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30 Days of Thanks: Why We’re Thankful for ‘Inside Out’

Each day of November, we have paid homage to different characters or films in the Disney family. Next up in our 30 Days of Thanks event, we turn our attention to Inside Out. This clever animated film from Pixar shows what happens when our emotions disagree.

Kaitlyn Dias as Riley in Inside Out. Disney/Pixar Animation Studios. 2015.

inside her head

Inside Out follows the story of an 11-year-old girl named Riley as she moves from her home in Minnesota to San Francisco. Except, it doesn’t. It really follows the journey of her emotions as they try to help Riley deal with the complexities of a drastic life change. Sounds confusing, right? It’s not. Inside Riley’s head we meet her five predominant emotions brought to life: Joy, Sadness, Anger, Fear and Disgust. Which emotion is in charge of Riley’s control board at a given moment, and how that emotion reacts to life stressors, dictates Riley’s outward behavior.


Emotion and memories are at the heart of Inside Out. Each of Riley’s memories are created by emotional connection. Very strong emotions create her major core memories. Each core memory then creates an aspect of her personality. As she is only eleven when the story begins, all of her core memories are joyful. The turmoil of change begins to threaten her joyful core memories. As Riley leaves her old life behind and loses people and places associated with her joyful core memories, those memories take on a touch of sadness.

Amy Poehler as Joy in Inside Out. Disney/Pixar. 2015.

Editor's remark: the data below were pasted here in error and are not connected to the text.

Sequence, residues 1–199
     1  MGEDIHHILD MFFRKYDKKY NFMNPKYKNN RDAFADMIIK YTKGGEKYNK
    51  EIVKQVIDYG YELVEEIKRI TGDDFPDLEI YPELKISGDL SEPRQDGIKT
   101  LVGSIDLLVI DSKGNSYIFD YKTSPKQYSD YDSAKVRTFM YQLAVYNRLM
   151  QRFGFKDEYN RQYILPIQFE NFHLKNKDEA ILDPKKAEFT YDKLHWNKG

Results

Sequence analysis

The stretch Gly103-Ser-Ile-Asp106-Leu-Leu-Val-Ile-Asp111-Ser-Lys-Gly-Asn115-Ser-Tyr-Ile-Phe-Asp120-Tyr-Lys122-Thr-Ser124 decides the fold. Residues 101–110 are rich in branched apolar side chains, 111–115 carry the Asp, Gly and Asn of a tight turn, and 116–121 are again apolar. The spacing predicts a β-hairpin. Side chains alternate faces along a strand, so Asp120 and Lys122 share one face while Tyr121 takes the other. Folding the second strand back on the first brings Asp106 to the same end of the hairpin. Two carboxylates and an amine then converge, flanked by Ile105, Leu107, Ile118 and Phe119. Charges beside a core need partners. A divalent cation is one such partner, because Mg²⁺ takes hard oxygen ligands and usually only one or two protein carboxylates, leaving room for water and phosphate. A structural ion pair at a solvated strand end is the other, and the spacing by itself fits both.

The Journey

The adventure begins when a mishap at headquarters splits Joy and Sadness from the rest of the group. While attempting to prevent Riley’s joyful core memories from being tainted by Sadness – by her literal touch – Joy and Sadness are sucked into long-term memory storage. This event kicks off two stories. The first is the journey Joy and Sadness must take to make it back to headquarters. We also see what happens to Riley while they are gone, when the only emotions she is left with are Anger, Fear, and Disgust.

Phyllis Smith as Sadness in Inside Out. Disney/Pixar Animation Studios. 2015.

Lessons Learned

Inside Out turns emotional concepts into living entities that we can identity with. Emotions can be confusing and hard to understand for people of any age. Emotions often get jumbled up inside and can be at war with each other. The characters in Inside Out bring those concepts to life. Fear, Anger, and Disgust create confusion and panic for Riley, until she eventually shuts down and can’t feel anything. Joy and Sadness are at odds for most of the story, until Joy comes to understand the true value of Sadness, and how the emotions inform each other. Resolution occurs when the emotions are reunited and work together.

Lewis Black as Anger, Bill Hader as Fear, Amy Poehler as Joy, Phyllis Smith as Sadness, and Mindy Kaling as Disgust in Inside Out. Disney/Pixar Animation Studios. 2015.


Disney and Pixar have always been ahead of the curve in creating intelligent animated films that are as enjoyable and educational for adults as they are for children. We are thankful for one of the most intelligent Pixar movies has created. Inside Out turns emotions into living breathing characters whose journeys help us to understand behavior and personality. It shows how we deal with upheaval and trauma. Inside Out gives concrete form to emotional concepts.

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